Ariah Park Hotel

New South Wales, Ariah ParkAriah Park Hotel

Coolamon St, Ariah Park Phone: 02 6974 1068

So anyway, study the family tree of our current nanny state with its overprotective super litigious over-legislated paternalism and you’ll find not too many generations prior, the Wowsers.

Almost exclusively Christian, mostly Protestant and usually Methodist, these killjoys saw paganism and ruin in pretty much every enjoyable pastime around the turn of the 19th century.

They were against, well everything: drinking, mixed dancing, gambling, sexual enjoyment, ‘adult themes’….you name it. But it was their Temperance Movement with its campaigns against drinking and pubs that inflicted the most lasting scars on our national corpus.

Now only the dinosaurs like Fred Nile and the Family First Party remain and most places where they once reigned seem happy enough to be rid of them, their memory and their restrictive legacy.

Except that is, for Ariah Park down on the Burley Griffin Way west of Temora, which celebrates its connections to the do-gooders of its past.

Was a stinking day, the first time I rocked up here but the century-old peppercorn trees down the middle of the main drag had welcome shade so I parked the Super Ten under one of ‘em and took a walk.

Ariah Park has a special aura. You know the way you automatically lower your voice in an art gallery or a museum? Well Ariah Park’s a bit like that. It’s a place you immediately treat with respect and deference.

The peppercorns, the shop verandas, the restored petrol pumps, the old photos in so many windows.

It was too early for the pub to be serving but the door was unlocked so I went in and found Brian in the office.

Opening hours are from 4.00pm Monday and Tuesday and from eleven the rest of the week. Closing is when you and your mates stop drinking.

Sure it was okay to have a gander. Make yourself at home. I took a couple of shots, thanked him and said I’d return.

Last month the Australian Yard Dog Championships were on in West Wyalong so after a day watching the amazing skills of these mainly kelpies running on the backs of sheep, I zipped back down to Ariah Park for the night.

It’s Friday night and Brian’s behind the bar. He exudes taciturn good humour, a wry smile and quiet, well-chosen words.

Brian’s had a lifetime of managing bowling clubs and moved to town in 2005, hoping the climate would suit his wife who wasn’t doing too great. Sadly it wasn’t to be and she passed away a coupla years later but Brian was joined by his two daughters and son-in-law, Wayne who arrives whilst we’re chatting and takes over behind the bar.

There’s six beers on tap and a schoonie of XXXX will set you back 5 bucks which is the cheapest I know, but don’t go looking for pokies or TAB or Keno. This is one of the growing band of country pubs where focus is on actually chatting, talking, sharing news and stories. You know… the old days!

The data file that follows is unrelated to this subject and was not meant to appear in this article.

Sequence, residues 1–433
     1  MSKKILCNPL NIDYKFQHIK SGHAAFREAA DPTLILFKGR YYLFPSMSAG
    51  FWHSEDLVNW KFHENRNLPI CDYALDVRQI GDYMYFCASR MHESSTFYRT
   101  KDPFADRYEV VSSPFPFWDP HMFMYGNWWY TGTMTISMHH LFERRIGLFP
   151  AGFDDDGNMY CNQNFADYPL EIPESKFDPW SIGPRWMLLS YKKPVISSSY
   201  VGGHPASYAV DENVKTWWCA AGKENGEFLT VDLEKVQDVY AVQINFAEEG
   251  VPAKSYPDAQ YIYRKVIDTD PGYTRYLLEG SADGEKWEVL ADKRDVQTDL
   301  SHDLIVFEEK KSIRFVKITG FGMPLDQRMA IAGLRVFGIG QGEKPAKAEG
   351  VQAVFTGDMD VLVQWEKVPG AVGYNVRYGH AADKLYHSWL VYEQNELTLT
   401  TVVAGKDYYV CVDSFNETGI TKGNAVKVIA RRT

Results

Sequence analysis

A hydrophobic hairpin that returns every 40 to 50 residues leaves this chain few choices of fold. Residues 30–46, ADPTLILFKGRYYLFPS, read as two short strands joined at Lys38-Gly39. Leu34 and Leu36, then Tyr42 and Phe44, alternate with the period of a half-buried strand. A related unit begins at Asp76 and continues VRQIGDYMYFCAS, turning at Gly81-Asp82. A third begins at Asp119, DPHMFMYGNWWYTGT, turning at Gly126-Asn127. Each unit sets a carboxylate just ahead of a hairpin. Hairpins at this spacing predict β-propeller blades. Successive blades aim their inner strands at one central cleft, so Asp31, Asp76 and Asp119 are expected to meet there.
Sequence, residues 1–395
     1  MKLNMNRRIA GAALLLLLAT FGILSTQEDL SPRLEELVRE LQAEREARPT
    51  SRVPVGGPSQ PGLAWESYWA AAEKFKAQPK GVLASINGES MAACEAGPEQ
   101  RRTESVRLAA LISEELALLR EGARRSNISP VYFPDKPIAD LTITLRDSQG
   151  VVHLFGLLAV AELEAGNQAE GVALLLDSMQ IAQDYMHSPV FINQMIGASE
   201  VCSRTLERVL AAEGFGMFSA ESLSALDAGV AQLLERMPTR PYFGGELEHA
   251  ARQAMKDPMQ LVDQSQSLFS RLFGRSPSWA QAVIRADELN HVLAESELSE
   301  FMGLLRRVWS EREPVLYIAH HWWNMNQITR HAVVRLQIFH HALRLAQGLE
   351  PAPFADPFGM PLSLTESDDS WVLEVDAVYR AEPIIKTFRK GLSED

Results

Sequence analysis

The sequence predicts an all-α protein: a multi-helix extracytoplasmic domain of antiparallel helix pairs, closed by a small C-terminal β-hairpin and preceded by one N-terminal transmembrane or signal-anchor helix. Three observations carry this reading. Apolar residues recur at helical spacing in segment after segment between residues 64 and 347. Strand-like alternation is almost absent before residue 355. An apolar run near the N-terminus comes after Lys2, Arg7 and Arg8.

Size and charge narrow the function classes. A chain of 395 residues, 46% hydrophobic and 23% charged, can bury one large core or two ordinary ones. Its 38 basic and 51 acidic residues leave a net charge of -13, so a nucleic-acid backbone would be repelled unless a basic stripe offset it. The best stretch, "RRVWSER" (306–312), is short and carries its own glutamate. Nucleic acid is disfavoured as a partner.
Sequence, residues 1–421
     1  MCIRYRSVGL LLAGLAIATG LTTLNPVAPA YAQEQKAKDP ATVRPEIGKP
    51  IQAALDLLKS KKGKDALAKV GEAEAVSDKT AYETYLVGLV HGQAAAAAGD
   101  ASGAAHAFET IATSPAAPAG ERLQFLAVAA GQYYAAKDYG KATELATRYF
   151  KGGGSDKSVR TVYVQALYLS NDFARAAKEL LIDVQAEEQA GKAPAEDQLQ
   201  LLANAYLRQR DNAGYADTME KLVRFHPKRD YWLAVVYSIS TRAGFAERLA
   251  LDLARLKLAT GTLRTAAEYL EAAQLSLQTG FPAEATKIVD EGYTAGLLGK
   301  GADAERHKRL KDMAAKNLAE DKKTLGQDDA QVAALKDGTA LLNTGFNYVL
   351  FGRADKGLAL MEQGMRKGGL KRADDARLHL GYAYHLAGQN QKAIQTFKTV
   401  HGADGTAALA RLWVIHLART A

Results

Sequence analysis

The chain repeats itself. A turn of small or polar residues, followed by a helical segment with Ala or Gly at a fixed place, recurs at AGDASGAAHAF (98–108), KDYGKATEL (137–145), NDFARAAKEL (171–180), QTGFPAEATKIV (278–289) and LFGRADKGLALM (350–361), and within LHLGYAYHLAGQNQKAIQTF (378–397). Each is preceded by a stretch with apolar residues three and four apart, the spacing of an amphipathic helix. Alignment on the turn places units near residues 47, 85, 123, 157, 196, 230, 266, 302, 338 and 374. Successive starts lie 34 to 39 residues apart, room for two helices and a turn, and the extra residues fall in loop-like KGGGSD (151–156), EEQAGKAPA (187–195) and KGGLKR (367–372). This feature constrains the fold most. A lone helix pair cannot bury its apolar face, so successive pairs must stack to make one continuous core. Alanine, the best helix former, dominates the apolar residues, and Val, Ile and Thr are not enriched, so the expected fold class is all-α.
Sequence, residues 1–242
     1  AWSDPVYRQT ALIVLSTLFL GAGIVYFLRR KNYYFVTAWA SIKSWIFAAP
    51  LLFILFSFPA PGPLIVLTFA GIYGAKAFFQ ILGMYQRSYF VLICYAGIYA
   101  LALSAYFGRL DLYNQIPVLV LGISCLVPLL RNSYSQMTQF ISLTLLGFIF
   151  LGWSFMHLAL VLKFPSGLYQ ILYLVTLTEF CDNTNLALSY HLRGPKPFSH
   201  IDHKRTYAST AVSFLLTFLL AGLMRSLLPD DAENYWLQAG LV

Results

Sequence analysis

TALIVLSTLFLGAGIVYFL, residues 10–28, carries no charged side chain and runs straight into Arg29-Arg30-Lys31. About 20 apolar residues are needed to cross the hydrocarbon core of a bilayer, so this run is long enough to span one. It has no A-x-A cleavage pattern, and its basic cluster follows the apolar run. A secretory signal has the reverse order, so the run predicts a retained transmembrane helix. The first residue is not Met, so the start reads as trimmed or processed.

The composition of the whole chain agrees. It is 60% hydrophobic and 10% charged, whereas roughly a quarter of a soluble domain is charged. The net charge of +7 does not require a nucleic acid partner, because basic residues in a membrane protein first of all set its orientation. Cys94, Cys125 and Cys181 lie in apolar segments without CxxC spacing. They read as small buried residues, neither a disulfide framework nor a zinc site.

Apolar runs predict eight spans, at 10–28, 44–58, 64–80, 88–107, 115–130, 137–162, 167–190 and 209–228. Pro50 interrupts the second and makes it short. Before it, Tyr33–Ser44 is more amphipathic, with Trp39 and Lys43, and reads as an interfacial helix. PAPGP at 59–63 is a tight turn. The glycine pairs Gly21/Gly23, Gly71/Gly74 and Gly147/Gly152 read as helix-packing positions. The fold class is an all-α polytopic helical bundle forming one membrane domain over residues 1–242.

There’s bike parking around the back, some of it under cover and there’s also one of the best beer gardens you’re ever going to see.

Upstairs there’re fifteen rooms each costing 60 bucks a night. There’s 8 doubles, 5 queens, a couple of twins and one with three single beds. All are neat as a pin and every bed has an electric blanket.

The guest lounge is a real beauty: Probably the biggest I’ve come across and there’s all the makings for brekkie and a brew in the morning.

The panelling and tile work around the place is amazing. This time around the ‘randa was out of bounds as Brian pours money into restoring it. All the iron lacework has been carefully removed for painting before it’s returned. Should make the place amazing.

Wendy and Cheryl run the restaurant and their menu’s pretty standard country fare with steaks, battered fish, a deep fried seafood platter and of course my lamb shanks (for just 18 bucks). Keep space for the homemade sticky date!

I’m almost done with my interrogation in the bar of Brian when Wendy turns up with my lamb shanks so I tell the boss I’ll be back later and follow my dinner into the dining room.

A couple of mouthfuls in and Bill Speirs turns up. Bill’s a local farmer, lay preacher and an author who’s done half a dozen books on local history. I buy him a beer and he sits himself down. The stories come from him as easily as the meat from my shank.

The original town site was a bit to the north on the Mirrool Creek at the intersection of the Wagga Wagga – Condoblin and the Narranderra – Young TSR’s. The first pub up there was the Beehive which was owned at one stage by Mary Gilmore’s old man but it was flood prone.

When the railway from Sydney to Cootamundra was extended to Temora and on to Roto, the settlement moved south in 1906. Ariah Park was gazetted a year later and had its own biblical flood: waves of religious farming families who’d been broken by the poor sandy soils of Victoria’s Wimmera.

Some of these farming families were Catholic, some Methodist, others Anglican and the rest were Baptist. One brand just different models.

The first pub at Ariah Park opened in 1907 but four years later it was proving too small so the current one was built in 1914, and it hasn’t changed much in the last 102 years.

These folks around here are early adopters, have been for a while. The first shipment of bulk wheat was loaded into a tarp lined wagon at Ariah Park in 1916 and sent to Sydney.
It went well the place went crazy. Was a total success and Bill reckons it pushed rail freight ten years up the line. Soon the use of 40kg wheat bags was so damn, well so very last century.